THIS ARTICLE IS MORE THAN FIVE YEARS OLD
This article is more than five years old. Autism research — and science in general — is constantly evolving, so older articles may contain information or theories that have been reevaluated since their original publication date.
Jennifer Latson’s book, “The Boy Who Loved Too Much,” is ostensibly about Williams syndrome, a genetic condition that can overlap with autism. But it’s really the story of a parent whose overprotective instincts are one of the biggest problems her son with the syndrome faces.
Williams syndrome arises from missing a segment on chromosome 7. People with the syndrome share certain traits, including an elfin visage, a love of music and a reflexive friendliness with familiars and strangers alike. The syndrome, which affects about 1 in every 10,000 to 20,000 people in the United States, can also involve intellectual disability.
Latson, a journalist, follows a boy with Williams syndrome whom she calls Eli and his mother, Gayle. Eli, a much-loved boy, has a fascination with floor polishers and vacuum cleaners and idolizes the children’s television character Cookie Monster. Against the backdrop of disability, Eli’s character arc is typical of a boy navigating puberty — including the sudden onset of romantic feelings toward others and working out how to manage the physical manifestations of male arousal.
Gayle’s journey is less conventional than her son’s. Like many parents, she starts out wanting to cocoon her son from all of life’s insults. But unlike some parents, she accepts that her protective instincts pose a risk to Eli’s independence.
Vigilance in high gear:
The story tracks Eli’s earliest childhood, starting with the developmental delays that sent his mother searching for answers.
In addition to its positive attributes, Williams syndrome carries health risks, including cardiac problems and adult obesity. But Gayle’s greatest concern is defeating the dire predictions that clinicians made about her son’s social and academic prospects.
Through much of the story, Gayle anticipates only failures — that Eli won’t have friends, won’t progress in his development and won’t ever live independently. She’s a single parent, and she is unable to manage her anxieties enough to allow her son a little freedom.
She gets a hint of how that freedom might look when she and Eli attend a camp for children with Williams syndrome and their families. She’s baffled by the way the other parents let their children run around unattended. When a girl at the camp blows off Eli’s clear romantic interest, Gayle gets involved in a way she later regrets; she learns that her own pain from the experience is greater than anything her son registers.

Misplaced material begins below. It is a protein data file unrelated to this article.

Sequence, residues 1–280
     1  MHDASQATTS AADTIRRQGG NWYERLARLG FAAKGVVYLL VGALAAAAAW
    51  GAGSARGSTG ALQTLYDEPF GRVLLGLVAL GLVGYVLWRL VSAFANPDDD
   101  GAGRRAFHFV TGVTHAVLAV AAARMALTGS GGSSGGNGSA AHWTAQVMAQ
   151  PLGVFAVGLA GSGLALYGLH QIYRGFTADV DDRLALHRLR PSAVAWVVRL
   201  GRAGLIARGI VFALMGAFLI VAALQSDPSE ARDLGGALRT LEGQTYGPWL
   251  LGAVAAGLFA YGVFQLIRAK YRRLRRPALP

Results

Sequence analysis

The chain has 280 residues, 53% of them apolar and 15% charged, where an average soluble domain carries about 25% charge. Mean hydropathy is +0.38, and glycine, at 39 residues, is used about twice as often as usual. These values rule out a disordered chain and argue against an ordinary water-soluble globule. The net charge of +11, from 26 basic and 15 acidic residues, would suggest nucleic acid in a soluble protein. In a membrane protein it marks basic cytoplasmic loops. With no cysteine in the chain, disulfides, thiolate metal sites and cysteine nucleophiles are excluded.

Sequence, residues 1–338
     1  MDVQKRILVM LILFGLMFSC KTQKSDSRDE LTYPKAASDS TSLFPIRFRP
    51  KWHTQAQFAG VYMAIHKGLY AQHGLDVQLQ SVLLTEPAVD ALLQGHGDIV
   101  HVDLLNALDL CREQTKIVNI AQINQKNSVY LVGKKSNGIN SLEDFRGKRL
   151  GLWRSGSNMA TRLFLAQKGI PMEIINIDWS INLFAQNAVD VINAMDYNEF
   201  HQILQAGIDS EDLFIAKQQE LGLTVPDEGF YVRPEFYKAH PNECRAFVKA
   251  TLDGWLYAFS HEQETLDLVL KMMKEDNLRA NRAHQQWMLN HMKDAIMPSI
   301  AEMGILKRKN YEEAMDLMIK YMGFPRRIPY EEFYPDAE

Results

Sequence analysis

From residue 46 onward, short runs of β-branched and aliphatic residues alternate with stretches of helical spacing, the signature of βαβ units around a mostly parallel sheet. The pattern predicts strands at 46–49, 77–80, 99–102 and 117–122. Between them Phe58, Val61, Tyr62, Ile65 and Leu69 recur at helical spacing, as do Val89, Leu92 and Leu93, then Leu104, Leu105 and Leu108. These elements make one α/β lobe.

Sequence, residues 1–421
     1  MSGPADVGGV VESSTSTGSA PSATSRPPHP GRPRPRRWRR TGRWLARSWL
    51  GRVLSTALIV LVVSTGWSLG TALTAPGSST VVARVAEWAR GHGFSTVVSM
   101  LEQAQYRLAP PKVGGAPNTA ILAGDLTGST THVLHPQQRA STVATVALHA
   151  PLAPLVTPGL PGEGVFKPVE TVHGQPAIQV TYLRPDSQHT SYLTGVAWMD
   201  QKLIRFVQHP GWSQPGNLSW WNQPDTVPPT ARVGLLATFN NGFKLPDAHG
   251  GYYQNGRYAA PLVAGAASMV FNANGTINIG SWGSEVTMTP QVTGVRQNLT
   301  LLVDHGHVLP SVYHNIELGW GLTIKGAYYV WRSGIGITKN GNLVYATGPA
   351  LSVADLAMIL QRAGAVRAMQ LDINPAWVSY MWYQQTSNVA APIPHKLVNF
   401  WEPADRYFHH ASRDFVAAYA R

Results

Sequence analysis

Back at school, when the team managing Eli’s education plan wants to focus on academics as much as on life skills, Gayle balks. She thinks Eli can’t do the work, that academic goals are largely pointless compared with his inability to tie his shoes. Her faith in her son’s potential is limited.
‘You can’t just hide him’:
The first half of the book reads the way Eli’s life perhaps felt during these years — constrained and carefully shaped to fit somebody else’s goals. Originally part of Latson’s thesis for a graduate program, the careful prose in this half is dutifully sprinkled with information about gene therapy, how the syndrome and its cause were identified, and examples that show what people with the syndrome are like.
But then, in the second half, the book becomes a roller-coaster ride that makes it worth the read.
Following the foray into the camp environment, Gayle decides to take Eli to a Williams syndrome convention. After a few days of ups and downs, she protectively declines to let Eli sing with a chorus, an activity he would have loved. But seeing other children and adults with the syndrome enjoy it, she has an epiphany. She recognizes that she needs to let go, to let her son try and fail. It’s a pivotal realization, reinforced when the family’s advocate at the school tells Gayle: “You can’t just hide him.”
The latter half of the book slows down only with a boggy chapter on empathy, which joins several other references throughout the book in juxtaposing Williams syndrome and autism. Although the two conditions are often viewed as complementary opposites, Latson notes, people can be diagnosed with both.
“The Boy Who Loved Too Much” focuses almost exclusively on Eli and his mother. Given this narrow lens, it’s a relief when other characters have walk-on parts, such as the insouciant parents at camp and the haughty love interest who rejects Eli. That said, the final chapters and the epilogue rivet the reader with the tension of whether Gayle will finally realize how badly Eli needs a little less shielding and a little more risk in his life.
Emily Willingham is a contributing writer for Spectrum and a journalist covering health and neuroscience. Her work has appeared in Scientific American, Forbes and The Washington Post, among other publications.